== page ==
During the 1980s and early 1990s, she starred in several Broadway touring musicals including Seven Brides for Seven Brothers, Pump Boys & Dinettes, Best Little Whorehouse In Texas and Gentlemen Prefer Blondes. Parton also wrote and staged several Dollywood shows the opening season as well as appearing on The Dukes of Hazzard (the first country artist to have a dramatic role on the series), Regis, The Today Show and Good Morning America. She has been on several international radio programs including Get Focused Radio with host Kate Hennessy.

In 2006, Parton made appearances in two films, A Dance for Bethany and Ghost Town, both slated for release in 2007. Each film also includes Stella's music on the soundtrack. Also ready for release in 2007 is her 21st album which is a collection of original Contemporary Christian songs. Followed in 2008, was her twenty-second album, Testimony.[1]

Social work[edit]

She devotes much of her time to causes like domestic violence and teaches at the New Opportunity School for Women at Berea College, Kentucky, using her knowledge of hair and makeup to help women build self-esteem.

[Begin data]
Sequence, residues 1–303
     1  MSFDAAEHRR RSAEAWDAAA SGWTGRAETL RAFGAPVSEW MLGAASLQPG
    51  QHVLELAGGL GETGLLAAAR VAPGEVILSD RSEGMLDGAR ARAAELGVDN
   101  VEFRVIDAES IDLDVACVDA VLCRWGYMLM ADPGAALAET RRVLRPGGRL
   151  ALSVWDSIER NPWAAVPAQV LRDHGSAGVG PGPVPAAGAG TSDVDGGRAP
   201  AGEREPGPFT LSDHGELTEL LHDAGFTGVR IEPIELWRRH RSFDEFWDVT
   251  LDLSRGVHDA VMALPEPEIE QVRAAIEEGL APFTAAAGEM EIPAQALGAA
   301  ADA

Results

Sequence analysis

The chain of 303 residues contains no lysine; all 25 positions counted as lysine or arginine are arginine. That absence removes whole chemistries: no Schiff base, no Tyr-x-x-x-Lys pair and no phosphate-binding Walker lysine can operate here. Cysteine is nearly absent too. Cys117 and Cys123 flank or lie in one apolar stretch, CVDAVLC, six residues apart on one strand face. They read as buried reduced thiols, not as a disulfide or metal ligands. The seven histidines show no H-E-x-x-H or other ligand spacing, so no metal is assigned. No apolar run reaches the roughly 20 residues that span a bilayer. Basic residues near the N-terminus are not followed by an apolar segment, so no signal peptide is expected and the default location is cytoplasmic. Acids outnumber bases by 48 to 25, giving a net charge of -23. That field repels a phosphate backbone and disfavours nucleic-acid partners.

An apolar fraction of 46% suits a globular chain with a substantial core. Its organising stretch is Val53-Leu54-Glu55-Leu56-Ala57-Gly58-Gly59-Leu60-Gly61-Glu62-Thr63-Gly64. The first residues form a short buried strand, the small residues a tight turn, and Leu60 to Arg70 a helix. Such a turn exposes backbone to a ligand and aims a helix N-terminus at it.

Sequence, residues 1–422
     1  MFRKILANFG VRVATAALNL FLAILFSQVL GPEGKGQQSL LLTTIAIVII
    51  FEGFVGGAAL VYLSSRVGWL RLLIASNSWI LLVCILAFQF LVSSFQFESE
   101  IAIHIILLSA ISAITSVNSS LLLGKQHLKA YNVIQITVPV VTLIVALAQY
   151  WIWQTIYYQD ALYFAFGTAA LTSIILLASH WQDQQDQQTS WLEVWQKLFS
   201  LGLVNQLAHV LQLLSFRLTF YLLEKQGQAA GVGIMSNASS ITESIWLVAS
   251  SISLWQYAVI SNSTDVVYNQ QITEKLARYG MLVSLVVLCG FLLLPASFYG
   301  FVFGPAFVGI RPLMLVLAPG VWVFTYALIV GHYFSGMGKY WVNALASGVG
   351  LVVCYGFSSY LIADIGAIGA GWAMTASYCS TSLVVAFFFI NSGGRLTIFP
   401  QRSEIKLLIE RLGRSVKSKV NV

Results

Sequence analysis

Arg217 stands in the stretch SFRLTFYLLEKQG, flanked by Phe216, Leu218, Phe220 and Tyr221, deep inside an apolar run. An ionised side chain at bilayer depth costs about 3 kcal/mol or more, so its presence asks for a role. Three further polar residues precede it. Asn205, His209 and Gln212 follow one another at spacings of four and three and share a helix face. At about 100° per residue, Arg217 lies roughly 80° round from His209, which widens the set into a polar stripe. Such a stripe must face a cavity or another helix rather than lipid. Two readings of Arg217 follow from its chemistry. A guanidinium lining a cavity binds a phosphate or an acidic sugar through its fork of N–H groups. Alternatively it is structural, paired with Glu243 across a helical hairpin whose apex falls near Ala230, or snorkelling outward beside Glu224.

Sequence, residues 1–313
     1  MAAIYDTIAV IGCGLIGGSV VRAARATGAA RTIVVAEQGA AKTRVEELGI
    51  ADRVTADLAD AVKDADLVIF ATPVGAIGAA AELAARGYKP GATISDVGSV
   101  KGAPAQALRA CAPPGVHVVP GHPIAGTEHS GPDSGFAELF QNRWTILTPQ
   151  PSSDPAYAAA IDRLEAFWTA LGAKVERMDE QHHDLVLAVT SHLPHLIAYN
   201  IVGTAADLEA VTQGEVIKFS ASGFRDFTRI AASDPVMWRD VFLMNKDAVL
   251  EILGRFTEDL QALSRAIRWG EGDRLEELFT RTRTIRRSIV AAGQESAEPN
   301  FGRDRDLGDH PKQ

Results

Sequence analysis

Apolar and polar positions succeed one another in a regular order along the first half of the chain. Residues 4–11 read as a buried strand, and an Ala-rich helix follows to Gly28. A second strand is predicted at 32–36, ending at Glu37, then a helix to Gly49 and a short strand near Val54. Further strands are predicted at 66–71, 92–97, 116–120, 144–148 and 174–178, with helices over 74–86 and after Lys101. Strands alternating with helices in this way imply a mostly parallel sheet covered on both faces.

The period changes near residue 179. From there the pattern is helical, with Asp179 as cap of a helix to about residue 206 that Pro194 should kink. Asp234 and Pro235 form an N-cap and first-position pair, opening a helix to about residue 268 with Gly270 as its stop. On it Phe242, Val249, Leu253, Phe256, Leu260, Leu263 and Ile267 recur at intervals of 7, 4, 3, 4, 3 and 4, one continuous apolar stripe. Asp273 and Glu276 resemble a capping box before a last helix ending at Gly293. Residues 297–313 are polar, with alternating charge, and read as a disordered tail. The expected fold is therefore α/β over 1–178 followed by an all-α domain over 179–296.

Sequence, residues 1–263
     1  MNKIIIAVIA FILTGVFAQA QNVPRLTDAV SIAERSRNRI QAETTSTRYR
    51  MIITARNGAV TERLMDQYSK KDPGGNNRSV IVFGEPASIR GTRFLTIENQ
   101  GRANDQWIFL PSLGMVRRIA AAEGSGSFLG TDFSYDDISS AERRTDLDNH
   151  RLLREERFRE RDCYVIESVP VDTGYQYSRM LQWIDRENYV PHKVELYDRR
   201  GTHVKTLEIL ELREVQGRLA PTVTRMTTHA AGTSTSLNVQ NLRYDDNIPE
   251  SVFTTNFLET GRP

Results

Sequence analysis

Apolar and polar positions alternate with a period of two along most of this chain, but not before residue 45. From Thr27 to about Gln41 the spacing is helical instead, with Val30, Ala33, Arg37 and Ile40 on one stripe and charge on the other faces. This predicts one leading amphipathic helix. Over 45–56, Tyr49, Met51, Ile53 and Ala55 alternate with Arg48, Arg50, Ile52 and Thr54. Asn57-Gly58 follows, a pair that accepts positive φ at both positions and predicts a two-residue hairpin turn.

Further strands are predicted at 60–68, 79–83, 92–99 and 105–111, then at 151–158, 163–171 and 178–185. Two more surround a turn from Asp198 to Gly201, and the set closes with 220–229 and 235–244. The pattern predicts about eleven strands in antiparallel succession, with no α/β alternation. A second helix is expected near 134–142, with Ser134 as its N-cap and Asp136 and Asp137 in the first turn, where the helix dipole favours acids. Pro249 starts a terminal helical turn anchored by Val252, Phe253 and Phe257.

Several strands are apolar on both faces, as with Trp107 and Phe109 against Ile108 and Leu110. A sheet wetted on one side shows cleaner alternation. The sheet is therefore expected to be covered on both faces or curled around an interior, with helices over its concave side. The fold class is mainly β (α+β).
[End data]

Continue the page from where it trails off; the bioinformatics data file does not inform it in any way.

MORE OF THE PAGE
Parton has served as national spokesperson for Mothers Against Drunk Driving and the Christian Appalachian Project and National Honorary Country Music Ambassador to the American Cancer Society.[1]

Consultancy[edit]

She also has a consulting business (Attic Entertainment Artist Development & Entertainment Consulting), teaching stage presence, hair, makeup, wardrobe techniques and video coaching. Parton has also written three cookbooks, including her recipe-packed book State Fairs and Church Bazaars.[1]

Discography[edit]

Studio Albums:

  1. "In the Garden" (with Avie Lee, Willadeene, and Cassie Parton) (1967)
  2. "Stella And The Gospel Carrolls"
  3. "I Want To Hold You In My Dreams" (1975)
  4. "Country Sweet"
  5. "Love Ya"
  6. "So Far, So Good"
  7. "True To Me"
  8. "Always Tomorrow"
  9. "Picture In A Frame"
  10. "A Woman's Touch"
  11. "Up In the Holler"
  12. "Appalachian Gospel" (2003)
  13. "Songwriter Sessions"
  14. "Testimony" (2008)
  15. "American Coal"
  16. "Tell It Sister Tell It"
  17. "Resurrection"

Compilation Albums:

  1. "Favorites, Vol. 1"
  2. "Anthology"
  3. "Blue Heart"
  4. "Appalachian Blues" (2001)
  5. "Favorites, Vol. 2"
  6. "Favorites, Vol. 3"

Awards[edit]

Parton received Author of The Year (Artists Music Guild / 2013), Entertainer of the Year and Album of the Year (Alabama Country & Gospel Music Hall of Fame / 2006), American Old-Time Country Music Hall of Fame (Inductee / 2006), Female Vocalist of the Year (Christian Country Music Association / 2004) and Mainstream Country Artist of the Year (Christian Country Music Association / 2002).

References[edit]

  1. ^ a b c d Parton, Stella (2011). Tell It Sister, Tell It. Attic Entertainment. p. 223. ISBN 0615443141. 
  2. ^ "Pedigree Chart for Rachel Ann Parton: Smoky Mountain Ancestral Quest". Smokykin.com. 2012-04-04. Retrieved 2012-04-18. 
  3. ^ "Stella Mae Parton b. 4 May 1949 d. : Smokey Mountain Ancestral Quest". Smokey Mountain Ancetral Quest. Retrieved 2009-02-23. "Stella Parton marries Marvin Rauhuff" 

External links[edit]